Drought, episodes of frost or even hail… Farmers are increasingly affected by climate change, causing significant losses to their farms. The purpose of this new insurance scheme: to better protect them against these difficult-to-predict dangers, which are increasing in number.
A new legal framework to protect farmers
Orientation Act No. 2022-298 regarding a better distribution of crop insurance in agriculture and reform of the tools for managing climate risks in agriculture, establishes from January 2023 a new risk coverage system, divided into three levels:
- current unforeseen expenses will be borne by the farmers. The latter can also rely on other existing systems (such as those in the French recovery plan) to invest in protective equipment to improve the resilience of their operations to climatic hazards,
- significant hazards will be covered by subsidized insurance for farmers who have chosen to take out insurance,
- finally, extraordinary hazards will trigger government intervention, even for uninsured farmers.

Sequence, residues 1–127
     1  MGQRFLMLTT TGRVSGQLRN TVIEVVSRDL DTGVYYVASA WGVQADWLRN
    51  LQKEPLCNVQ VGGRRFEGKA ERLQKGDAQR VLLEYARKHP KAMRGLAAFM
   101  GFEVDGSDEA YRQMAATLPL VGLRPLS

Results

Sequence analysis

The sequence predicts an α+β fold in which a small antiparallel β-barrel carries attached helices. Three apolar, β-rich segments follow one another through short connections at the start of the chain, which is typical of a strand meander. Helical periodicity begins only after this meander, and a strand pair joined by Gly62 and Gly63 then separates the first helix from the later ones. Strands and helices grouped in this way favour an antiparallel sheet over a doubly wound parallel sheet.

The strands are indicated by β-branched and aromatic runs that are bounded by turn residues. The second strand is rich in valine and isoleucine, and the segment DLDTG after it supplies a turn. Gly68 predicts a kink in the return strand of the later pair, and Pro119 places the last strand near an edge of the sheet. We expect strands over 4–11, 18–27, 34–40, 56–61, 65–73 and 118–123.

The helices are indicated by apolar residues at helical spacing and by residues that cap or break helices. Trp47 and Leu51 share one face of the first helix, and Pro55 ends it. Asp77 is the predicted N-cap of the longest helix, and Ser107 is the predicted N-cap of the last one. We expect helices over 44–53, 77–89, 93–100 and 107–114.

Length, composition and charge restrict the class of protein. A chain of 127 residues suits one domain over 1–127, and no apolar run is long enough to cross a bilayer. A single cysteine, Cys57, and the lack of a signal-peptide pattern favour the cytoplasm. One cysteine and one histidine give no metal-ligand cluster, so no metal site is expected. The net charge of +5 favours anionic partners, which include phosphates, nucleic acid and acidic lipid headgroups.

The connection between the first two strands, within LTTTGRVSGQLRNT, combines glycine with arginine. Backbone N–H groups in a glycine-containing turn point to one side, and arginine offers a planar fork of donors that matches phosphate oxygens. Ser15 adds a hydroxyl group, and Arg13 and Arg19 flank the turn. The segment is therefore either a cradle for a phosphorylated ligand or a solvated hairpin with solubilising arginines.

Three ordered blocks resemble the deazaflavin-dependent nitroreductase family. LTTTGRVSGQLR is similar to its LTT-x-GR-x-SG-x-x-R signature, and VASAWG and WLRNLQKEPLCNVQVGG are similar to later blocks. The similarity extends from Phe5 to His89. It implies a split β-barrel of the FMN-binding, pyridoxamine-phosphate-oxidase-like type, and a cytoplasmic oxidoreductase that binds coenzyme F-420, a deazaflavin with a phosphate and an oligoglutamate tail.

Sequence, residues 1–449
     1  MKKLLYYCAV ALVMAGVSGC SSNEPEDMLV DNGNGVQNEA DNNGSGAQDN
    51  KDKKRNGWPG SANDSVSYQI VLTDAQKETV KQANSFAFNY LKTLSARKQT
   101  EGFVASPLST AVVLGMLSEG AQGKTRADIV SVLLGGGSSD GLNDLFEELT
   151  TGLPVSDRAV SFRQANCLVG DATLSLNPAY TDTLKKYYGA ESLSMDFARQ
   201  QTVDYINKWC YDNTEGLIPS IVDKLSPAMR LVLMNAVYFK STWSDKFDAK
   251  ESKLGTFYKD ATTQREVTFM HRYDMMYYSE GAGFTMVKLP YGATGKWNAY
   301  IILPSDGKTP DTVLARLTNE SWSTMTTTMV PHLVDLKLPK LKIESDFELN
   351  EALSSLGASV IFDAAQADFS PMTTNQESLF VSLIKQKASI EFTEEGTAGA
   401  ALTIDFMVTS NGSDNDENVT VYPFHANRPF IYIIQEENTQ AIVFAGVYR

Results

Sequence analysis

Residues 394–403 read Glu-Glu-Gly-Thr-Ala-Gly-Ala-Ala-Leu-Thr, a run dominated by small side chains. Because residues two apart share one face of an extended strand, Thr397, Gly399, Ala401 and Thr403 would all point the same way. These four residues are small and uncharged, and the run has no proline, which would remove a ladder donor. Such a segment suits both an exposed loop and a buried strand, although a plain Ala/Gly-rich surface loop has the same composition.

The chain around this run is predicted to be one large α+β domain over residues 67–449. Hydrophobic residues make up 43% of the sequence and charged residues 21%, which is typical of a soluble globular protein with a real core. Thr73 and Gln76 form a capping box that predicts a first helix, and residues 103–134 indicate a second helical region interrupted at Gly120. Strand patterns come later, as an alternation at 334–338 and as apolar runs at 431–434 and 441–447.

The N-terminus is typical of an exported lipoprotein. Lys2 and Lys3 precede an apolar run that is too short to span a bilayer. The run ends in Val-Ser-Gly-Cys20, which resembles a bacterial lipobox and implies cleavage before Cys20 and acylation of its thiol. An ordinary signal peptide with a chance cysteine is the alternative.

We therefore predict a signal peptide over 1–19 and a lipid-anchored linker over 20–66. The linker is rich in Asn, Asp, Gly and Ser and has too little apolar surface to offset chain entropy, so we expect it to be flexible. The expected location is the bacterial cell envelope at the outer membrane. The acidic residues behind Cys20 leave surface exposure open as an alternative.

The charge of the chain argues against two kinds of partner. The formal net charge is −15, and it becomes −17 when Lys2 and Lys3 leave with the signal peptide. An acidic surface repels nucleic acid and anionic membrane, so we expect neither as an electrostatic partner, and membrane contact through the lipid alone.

This risk management system is thus based on national solidarity and risk sharing between the state, farmers and insurance companies according to these different levels of loss. The goal of this new system: to create universal protection for operators to enable their resilience to climate change.
Excess and compensation limits specified by sector
The texts validated by the National Committee for Risk Management in Agriculture (CNGRA) are the result of long consultations carried out over several months, in particular the decree, which in particular sets out the quantified parameters for the next three years:
- a threshold and a minimum subsidized deductible for insurance of 20% and a subsidy rate of 70% for all crops,
- a compensation rate from the state for the insured for all crops of 90% and a compensation rate from the state for the uninsured of 45% in 2023, 40% in 2024 and 35% in 2025,
- a threshold to trigger national solidarity set at 50% for the groups “arable crops, industrial crops and vegetables” and “viticulture” and at 30% for the other productions, especially wood farming and meadows.
This decree also contains the review clause in addition to 680 million.